London 2012. The Summer Olympics. A once-every-four-years phenomenon that attracts world-wide attention and participation. As we mentioned last time, the Summer Games are the focus of another team effort of NSTA, NBC Learn, and the National Science Foundation (NSF). “Science of the Summer Olympics,” is an online video series that explores the engineering behind the competition of sport. The series is available cost-free on www.NBCLearn.com and www.NSF.gov.
When asked what topics teachers would like more resources on, a common answer is “anything engineering.” We understand why. So we’re here to help.
The practices of science and engineering are distinctly different. The videos of the Science of the Summer Olympics series will aid students in realizing that science seeks an understanding of the natural world through a question about a phenomenon while engineering pursues a solution to a constrained problem through the recursive process of design. Engineers use the knowledge of science and mathematics as factors that influence the nature of a solution. In some situations, the practices of science and engineering overlap, but often they are not complimentary due their fundamental goal, process, and outcome.
This installment, The Impact of Jenny Simpson, focuses on how the engineering design process results in solutions that enable an athlete to perform longer at a higher level of competition. NSTA has developed two forms of a lesson plan connected to each video in the series. One illustrates the practice of engineering through design and a second illustrates the practice of science through inquiry. With these two forms, STEM teachers will be able to compare the practices side-by-side and use the version that best meets their needs. In addition, we hope that having the opportunity to compare and contrast the two forms in this manner you will come to better understand the unfamiliar practice of engineering and be more adept at duplicating the process authentically with your own activities.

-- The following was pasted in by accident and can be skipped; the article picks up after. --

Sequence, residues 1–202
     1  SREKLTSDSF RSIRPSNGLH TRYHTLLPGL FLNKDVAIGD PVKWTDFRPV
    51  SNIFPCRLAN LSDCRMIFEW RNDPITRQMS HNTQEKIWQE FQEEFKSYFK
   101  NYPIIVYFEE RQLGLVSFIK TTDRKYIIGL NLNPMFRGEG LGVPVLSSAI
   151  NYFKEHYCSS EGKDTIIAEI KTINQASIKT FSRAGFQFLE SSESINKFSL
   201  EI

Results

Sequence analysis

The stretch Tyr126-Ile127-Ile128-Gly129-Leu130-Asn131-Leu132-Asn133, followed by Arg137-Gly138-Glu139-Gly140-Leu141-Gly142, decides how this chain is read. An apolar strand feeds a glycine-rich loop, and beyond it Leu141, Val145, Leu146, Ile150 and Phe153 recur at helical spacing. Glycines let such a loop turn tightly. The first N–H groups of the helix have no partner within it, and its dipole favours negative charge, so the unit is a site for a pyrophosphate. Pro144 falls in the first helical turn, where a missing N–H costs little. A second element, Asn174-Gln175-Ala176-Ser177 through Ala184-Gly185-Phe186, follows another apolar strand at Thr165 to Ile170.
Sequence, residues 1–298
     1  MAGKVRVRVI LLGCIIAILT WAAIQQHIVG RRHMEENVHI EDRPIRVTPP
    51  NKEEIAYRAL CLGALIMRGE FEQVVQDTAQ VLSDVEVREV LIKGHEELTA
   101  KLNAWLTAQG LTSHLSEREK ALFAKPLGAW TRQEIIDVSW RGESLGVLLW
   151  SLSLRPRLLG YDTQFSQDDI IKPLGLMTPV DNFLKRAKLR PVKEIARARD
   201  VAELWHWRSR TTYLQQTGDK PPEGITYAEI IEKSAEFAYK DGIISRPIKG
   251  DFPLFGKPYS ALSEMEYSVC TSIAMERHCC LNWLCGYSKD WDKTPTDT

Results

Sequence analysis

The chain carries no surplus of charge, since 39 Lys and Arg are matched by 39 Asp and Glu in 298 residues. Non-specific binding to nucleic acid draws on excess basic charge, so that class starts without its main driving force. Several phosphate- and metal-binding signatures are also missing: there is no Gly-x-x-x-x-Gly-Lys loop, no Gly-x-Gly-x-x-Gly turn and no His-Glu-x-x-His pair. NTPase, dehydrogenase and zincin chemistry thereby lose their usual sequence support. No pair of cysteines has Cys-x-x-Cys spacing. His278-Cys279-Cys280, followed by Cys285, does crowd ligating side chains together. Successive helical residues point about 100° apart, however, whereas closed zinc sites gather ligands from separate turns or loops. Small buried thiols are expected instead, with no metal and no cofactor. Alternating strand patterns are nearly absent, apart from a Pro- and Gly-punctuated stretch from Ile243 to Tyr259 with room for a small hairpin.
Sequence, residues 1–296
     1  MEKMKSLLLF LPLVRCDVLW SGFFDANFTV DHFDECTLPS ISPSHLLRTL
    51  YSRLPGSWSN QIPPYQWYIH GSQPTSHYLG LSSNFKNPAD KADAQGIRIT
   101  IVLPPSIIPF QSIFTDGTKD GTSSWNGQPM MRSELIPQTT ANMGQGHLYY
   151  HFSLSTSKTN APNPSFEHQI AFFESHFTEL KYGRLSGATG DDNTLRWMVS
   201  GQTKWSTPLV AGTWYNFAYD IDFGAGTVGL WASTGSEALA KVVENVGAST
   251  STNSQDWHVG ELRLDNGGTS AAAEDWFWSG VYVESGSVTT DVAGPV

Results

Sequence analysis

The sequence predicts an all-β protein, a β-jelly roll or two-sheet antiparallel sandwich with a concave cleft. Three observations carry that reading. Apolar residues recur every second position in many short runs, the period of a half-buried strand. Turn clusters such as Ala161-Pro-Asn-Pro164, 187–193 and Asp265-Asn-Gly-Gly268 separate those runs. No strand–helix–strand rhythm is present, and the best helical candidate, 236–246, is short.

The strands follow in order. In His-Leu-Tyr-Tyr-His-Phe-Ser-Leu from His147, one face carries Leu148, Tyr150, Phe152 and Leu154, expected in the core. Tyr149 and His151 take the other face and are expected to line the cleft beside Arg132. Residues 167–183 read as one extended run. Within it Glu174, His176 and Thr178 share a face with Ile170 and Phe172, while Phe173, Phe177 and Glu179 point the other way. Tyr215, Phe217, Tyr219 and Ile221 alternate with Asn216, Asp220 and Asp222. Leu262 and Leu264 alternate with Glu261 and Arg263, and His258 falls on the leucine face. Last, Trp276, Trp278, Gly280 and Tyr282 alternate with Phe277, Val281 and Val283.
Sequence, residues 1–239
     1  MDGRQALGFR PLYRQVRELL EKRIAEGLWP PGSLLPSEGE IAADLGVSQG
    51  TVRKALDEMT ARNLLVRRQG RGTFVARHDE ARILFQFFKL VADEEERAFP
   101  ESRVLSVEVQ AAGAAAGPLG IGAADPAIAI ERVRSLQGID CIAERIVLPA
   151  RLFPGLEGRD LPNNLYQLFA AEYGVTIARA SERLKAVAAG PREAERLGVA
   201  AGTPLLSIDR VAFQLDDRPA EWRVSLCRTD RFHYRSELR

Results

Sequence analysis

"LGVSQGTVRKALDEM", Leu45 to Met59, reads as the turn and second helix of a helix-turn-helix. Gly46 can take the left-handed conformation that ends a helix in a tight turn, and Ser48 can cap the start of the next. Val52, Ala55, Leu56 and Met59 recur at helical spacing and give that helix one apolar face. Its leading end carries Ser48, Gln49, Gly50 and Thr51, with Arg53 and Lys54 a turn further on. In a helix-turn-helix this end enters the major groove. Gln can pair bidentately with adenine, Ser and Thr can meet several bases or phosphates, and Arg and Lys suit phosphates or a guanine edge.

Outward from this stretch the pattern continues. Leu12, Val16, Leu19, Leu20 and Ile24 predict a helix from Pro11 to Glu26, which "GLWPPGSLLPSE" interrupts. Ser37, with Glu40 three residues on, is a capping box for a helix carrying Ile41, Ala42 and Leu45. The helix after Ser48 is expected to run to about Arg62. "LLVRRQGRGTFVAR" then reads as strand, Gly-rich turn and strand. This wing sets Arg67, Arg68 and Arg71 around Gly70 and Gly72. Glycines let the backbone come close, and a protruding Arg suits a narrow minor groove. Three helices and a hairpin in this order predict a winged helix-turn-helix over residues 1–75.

As always, we are very interested in how these work for you in real classroom situations. Let us know!
–Judy Elgin Jensen
Photo showing close up of running track by HKmPUA.
Video: In “The Impact of Jenny Simpson,” Dr. Rory Cooper, biomechanical engineer at the National Science Foundation Engineering Research Center at the University of Pittsburgh, and Dr. Justin Laferrier, a physical therapist in Cooper’s lab, detail the forces applied to the body when running and how engineers develop products to reduce the impact of these forces. One highlight is the anti-gravity treadmill, which does not actually reduce gravity, but supports part of the runner’s weight while running on a cushioned surface.
Two versions of the lesson plans help students build background and develop questions they can explore regarding the impact forces and how they can be ameliorated. Both includes strategies to support students in their own quest for answers and strategies for a more focused approach that helps all students participate in hands-on inquiry.
SOTSO: The Impact of Jenny Simpson models how students might investigate factors involved in impact forces.
SOTSO: The Impact of Jenny Simpson An Engineering Perspective models how students might apply what they learn in the video or other sources about force and impact to designing objects that reduce the effects.
You can use the following form to e-mail us edited versions of the lesson plans: